But don’t rule out seeing the next-generation version coming to local shores, with the company’s Australia arm saying it would be “silly not to” revisit the case down the track.
The back-to-basics ethos of the Duster — the hero car of Renault’s Romanian sub-brand Dacia, also sold with Renault badges in some markets — has been a smash hit in many developing countries, but also in mature and wealthy parts of Europe.
By using ‘proven’ (amortised and older) Renault components and sporting rugged styling, the Duster has lured many with its low price point and promise of reliability through simplicity, while riding the global SUV boom.
Renault Australia managing director Justin Hocevar told CarAdvice this week how close the company came to bringing the cut-priced crossover here at one point, both of its own volition and following talks with headquarters in Paris.
“We’ve looked at it seriously about three times,” he said, “of our own accord and also through encouragement from head office.
“Some may say it’s a brand for emerging markets, but it’s also a brand that has been immensely successful in mature markets such as the UK, Switzerland and France.
“I think particularly during the post-GFC period in Europe where lots of austerity measures, self-imposed social austerity, was happening, people were gravitating.
“Australia doesn't seem to be going through that kind of phase, therefore we haven't seen the same opportunity, not now.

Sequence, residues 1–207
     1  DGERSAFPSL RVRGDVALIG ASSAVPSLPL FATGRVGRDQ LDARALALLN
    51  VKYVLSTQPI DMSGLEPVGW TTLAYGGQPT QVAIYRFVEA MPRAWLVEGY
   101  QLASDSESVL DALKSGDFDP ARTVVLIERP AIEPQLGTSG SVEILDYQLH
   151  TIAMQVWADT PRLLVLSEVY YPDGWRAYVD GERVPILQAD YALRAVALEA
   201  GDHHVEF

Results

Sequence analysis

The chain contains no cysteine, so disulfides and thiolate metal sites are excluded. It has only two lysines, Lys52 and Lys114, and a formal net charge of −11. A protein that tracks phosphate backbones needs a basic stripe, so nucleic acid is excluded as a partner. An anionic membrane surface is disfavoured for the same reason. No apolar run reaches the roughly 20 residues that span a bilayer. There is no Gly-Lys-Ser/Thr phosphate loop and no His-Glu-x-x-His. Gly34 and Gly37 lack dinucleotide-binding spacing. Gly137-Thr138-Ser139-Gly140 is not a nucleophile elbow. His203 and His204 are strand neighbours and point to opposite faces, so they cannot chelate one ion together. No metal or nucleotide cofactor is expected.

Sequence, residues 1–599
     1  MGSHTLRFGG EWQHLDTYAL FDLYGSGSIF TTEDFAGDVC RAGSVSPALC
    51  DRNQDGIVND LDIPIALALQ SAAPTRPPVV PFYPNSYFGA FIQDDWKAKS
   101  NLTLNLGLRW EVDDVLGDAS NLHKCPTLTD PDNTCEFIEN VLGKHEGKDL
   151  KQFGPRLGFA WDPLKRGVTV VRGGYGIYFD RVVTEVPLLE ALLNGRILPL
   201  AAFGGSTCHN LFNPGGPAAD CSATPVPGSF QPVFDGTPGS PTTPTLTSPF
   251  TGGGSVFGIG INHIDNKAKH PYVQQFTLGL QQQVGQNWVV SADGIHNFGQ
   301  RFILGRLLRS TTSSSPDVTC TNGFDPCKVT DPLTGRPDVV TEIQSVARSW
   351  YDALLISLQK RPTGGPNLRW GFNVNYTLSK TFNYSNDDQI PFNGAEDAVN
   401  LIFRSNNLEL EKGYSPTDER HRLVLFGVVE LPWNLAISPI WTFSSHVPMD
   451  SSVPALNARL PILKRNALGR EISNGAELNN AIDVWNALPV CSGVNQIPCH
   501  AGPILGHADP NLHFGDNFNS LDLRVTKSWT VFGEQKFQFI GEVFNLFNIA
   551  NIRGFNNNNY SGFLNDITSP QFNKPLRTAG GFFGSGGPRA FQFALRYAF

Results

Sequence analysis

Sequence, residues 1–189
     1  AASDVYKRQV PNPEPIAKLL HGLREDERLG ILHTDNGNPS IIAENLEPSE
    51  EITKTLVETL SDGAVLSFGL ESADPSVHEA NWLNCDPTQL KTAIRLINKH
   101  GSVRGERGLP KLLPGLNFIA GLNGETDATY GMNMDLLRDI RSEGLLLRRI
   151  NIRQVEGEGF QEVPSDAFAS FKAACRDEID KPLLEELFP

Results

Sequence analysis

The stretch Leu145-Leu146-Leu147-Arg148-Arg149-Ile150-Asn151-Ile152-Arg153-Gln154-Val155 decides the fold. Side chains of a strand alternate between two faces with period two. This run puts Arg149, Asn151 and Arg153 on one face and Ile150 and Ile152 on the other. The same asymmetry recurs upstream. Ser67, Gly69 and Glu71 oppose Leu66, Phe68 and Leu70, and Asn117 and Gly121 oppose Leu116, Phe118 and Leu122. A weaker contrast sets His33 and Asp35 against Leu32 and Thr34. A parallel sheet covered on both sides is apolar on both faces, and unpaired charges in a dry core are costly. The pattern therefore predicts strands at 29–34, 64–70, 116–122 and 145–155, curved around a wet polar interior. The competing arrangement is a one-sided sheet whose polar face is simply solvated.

“[But] never say never, because at the right point in time they may have the right product… I think we’d be silly not to always keep it on the horizon and radar, to look at the opportunities. But as you know, it’s an incredibly cluttered market.”
It's not the first time Hocevar has spoken favourably about Dacia for Australia, as you can read here.
In the UK, the Dacia Duster sells £9495 (about $A16,500), about $8500 less than a Renault Captur, which sells in Australia from the low $20,000 mark. You can make a rough guess at how cheap the Duster could have been here...
In the UK, the Duster comes available with selectable 4x4 or 4x2 configurations, with either 1.6-litre normally aspirated or 1.2 turbo-petrol engines, or a 1.5-litre dCi diesel, with either five- or six-speed manual gearboxes, 210mm of clearance, 350mm of wading depth capability, coil- or independent rear suspension (depending on spec) and 1500kg towing.
It also got a three-star Euro NCAP rating in 2011, something the company would clearly need to address with the next generation were it to have any chance in Australia.
On another note, a revised version of the Dacia Oroch utility must hold some interest for some local buyers... food for thought.
Would you consider a Dacia Duster if looking for something back to basics? Tell us below.
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